The Law

AIPRA defined and clarified a number of issues relating to the probate of estates and Indian land. As an amendment to ILCA it also promotes a federal policy to consolidate or reduce fractional ownership of Indian lands. It also removed Indian probates from state rules for inheritance.

Eligible Heirs

AIPRA placed into law a rigid definition of eligible heirs that the Department of Interior must use when conducting a probate of trust assets. This is important whether and Indian landowner leaves a will or dies without one (intestate).

Single-Heir Rule

This often-overlooked part of AIPRA applies when a Native person with trust assets dies without a will. Landowners with highly-fractionated title (owning less than 5% or 1/20) who die intestate will be forced into this federal land consolidation policy at  the expense of the heirs. According to law, the inherited land will not be evenly divided among the children, but will instead automatically go only to the oldest child. This issue is covered by the AIPRA law (§2206 Descent and Distribution).

  • Click here for presentation slides on this subject.

Joint Tenancy Implied

Indians have become so used to fractional ownership that this change to the probate process can also come as a surprise to landowners who do have a will. The application of Joint Tenancy to ownership will stop many heirs from being able to transfer land to their children. This is covered by federal law, which can be found in §2206 Descent and Distribution.

Permanent Improvements

A technical amendment to AIPRA was signed into law in December of 2008. It made a change to land ownership that further separates Indian land law from any other type of property law. The change has an impact on homes, barns, fences and other permanent changes to a property. This is covered by federal law, which can be found in §2206 Descent and Distribution.

AIPRA Exclusions

AIPRA does not apply in the following tribes/communities with their own probate laws/codes:

  • Alabama-Quassarte Tribal Town
  • Cherokee Nation
  • Chickasaw Nation
  • Choctaw Nation
  • Confederated Tribes of the Umatilla Reservation
  • Fond du Lac Band of Chippewa Indians
  • Kialegee Tribal Town
  • Klamath Reservation
  • Lake Traverse Indian Reservation (Sisseton-Wahpeton Oyate)
  • Muscogee (Creek) Nation
  • Nez Perce Indian Reservation
  • Northern Cheyenne Tribe
  • Osage Nation
  • Seminole Nation of Oklahoma
  • Spirit Lake Sioux Tribe
  • Standing Rock Sioux Tribe
  • Thlopthlocco Tribal Town
  • United Keetoowah Band of Cherokee Indians
  • Warm Springs Reservation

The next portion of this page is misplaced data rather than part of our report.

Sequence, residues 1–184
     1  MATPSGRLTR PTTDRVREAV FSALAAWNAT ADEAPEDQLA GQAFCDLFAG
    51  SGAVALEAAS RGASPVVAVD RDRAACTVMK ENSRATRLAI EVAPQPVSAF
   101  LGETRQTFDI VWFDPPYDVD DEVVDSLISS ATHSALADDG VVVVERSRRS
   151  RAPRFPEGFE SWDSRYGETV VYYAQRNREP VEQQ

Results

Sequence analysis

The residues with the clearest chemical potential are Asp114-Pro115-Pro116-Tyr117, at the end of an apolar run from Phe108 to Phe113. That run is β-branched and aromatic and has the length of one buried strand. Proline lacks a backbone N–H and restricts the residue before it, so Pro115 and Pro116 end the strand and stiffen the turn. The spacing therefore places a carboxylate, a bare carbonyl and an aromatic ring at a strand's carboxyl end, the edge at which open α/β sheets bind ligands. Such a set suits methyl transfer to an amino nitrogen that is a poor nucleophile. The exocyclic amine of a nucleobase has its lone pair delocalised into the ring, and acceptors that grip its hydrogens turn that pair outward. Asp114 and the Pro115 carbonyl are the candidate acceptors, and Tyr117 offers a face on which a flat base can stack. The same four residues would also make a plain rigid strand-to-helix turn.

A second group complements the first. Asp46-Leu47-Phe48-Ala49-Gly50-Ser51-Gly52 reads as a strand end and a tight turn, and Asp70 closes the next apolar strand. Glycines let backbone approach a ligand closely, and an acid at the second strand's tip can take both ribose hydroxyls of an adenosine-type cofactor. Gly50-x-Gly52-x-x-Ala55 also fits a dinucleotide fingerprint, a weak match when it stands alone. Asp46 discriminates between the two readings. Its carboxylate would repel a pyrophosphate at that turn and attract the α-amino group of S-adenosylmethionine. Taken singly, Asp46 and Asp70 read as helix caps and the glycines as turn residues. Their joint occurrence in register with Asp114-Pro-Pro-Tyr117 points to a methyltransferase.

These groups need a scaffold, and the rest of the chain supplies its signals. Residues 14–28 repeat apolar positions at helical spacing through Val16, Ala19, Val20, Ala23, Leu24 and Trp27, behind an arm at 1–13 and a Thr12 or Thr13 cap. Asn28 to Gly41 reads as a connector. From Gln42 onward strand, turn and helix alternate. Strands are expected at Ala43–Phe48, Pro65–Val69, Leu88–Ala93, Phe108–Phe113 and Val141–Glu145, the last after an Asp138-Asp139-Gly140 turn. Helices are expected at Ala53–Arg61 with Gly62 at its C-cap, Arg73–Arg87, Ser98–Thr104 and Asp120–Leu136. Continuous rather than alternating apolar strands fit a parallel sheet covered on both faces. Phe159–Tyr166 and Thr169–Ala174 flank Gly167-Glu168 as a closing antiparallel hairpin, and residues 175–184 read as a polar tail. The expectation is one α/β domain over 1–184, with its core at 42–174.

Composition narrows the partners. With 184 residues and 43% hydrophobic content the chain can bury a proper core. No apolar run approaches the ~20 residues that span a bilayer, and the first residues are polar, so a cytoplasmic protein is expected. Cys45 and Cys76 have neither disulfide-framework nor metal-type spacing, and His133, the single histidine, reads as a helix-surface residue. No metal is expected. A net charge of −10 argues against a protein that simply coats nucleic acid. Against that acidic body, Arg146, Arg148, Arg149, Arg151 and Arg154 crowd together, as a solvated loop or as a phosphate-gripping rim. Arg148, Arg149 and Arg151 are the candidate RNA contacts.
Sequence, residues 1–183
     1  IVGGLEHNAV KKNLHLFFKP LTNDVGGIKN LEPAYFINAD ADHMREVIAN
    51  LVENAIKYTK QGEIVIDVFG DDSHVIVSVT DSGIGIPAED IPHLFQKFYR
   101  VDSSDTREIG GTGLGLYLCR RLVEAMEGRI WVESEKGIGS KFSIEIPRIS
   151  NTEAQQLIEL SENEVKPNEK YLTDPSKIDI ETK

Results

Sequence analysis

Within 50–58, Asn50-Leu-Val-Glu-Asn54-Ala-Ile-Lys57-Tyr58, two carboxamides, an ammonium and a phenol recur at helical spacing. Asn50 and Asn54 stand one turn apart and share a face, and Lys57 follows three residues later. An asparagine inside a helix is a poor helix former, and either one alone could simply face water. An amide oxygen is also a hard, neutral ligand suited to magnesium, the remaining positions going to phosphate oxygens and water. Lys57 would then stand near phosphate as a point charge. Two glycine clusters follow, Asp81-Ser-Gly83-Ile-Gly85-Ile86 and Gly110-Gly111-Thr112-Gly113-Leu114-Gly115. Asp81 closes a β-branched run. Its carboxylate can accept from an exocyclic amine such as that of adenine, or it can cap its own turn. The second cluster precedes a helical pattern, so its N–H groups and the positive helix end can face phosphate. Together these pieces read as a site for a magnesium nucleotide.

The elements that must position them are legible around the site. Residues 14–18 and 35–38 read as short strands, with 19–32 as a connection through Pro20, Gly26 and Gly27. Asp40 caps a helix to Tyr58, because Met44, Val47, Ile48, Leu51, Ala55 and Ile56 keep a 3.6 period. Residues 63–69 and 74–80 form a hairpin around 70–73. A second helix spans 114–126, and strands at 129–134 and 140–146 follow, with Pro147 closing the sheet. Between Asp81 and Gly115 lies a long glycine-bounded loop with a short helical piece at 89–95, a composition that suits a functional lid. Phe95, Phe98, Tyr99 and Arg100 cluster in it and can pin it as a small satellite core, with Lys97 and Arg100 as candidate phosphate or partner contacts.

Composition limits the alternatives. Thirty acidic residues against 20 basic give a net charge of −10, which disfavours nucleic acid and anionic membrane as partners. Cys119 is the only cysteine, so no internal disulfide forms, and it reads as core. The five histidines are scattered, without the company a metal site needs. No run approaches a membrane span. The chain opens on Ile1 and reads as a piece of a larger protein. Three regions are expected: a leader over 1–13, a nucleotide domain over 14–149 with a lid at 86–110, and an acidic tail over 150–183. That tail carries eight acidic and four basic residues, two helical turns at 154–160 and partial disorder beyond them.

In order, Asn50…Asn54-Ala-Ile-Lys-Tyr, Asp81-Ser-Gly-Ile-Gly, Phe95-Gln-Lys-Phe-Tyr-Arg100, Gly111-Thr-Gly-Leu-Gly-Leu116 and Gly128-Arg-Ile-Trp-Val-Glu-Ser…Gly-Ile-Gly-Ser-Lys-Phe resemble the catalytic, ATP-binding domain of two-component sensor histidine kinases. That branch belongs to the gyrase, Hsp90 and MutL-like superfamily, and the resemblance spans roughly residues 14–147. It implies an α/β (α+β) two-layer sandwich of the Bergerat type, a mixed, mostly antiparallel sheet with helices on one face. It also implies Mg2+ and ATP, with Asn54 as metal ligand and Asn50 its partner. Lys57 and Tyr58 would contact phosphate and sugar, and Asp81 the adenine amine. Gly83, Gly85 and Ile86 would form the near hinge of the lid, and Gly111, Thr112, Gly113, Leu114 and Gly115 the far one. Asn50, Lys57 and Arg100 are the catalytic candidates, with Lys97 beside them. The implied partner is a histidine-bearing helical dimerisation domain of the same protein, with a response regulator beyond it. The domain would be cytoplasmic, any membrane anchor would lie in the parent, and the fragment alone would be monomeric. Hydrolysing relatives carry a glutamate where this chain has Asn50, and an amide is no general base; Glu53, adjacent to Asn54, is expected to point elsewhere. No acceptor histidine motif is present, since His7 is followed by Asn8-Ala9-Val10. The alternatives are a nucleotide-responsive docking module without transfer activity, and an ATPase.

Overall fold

• Yakama Reservation

Additional Resources

Will in a Box – Indian wills made easier


Your land may be the most important thing you own, but you won’t be able to leave it to your children if you don’t take action now. If you die without a will, it will be up to a federal probate judge – not you or your kids – to determine who will inherit your land after you have passed on, and it could take years to decide. ILTF is pleased to introduce a new tool that can make it easier for Indian landowners to have a will.

Will in a Box makes it easier to write a will

Developed by ILTF in conjunction with legal service organizations across Indian Country, Will in a Box is now available for American Indians who own trust land in Montana, Minnesota and Oklahoma, and we’re working on expanding to other states in the future. Hosted on the Law Help Interactive web platform, Will in a Box is free of charge to tribal members.

Click here to see a checklist of items you’ll need to have on hand to complete the Will in a Box process.

Click here to go to the Will in a Box website to begin writing your Indian will. (Site may take a moment to load)



Will Writing & Legal Services


Today, ILTF continues to build upon its estate planning and probate program by developing new, more efficient and cost-effective models for helping Indian people safely transfer their lands from one generation to the next. ILTF is currently working directly with qualified contractors throughout the country who provide specialized legal and will writing services and training to tribal members in the communities and on the reservations where they live. By providing services that reduce fractionation, and training that informs Indian people about the laws governing land ownership and transfer, ILTF empowers tribes and individual landowners to protect their land assets and preserve economic and cultural resources for future generations.

Partnering with local law firms

ILTF regularly utilizes grant resources in addition to its own resources to provide estate planning services. Partnerships with legal service providers are vital to addressing unmet needs. The scope of these projects has expanded to supplementing landowner options with policy development that make wills easier to complete, improves the probate process, and generates new forms of ownership that families can use to better manage and benefit from their land.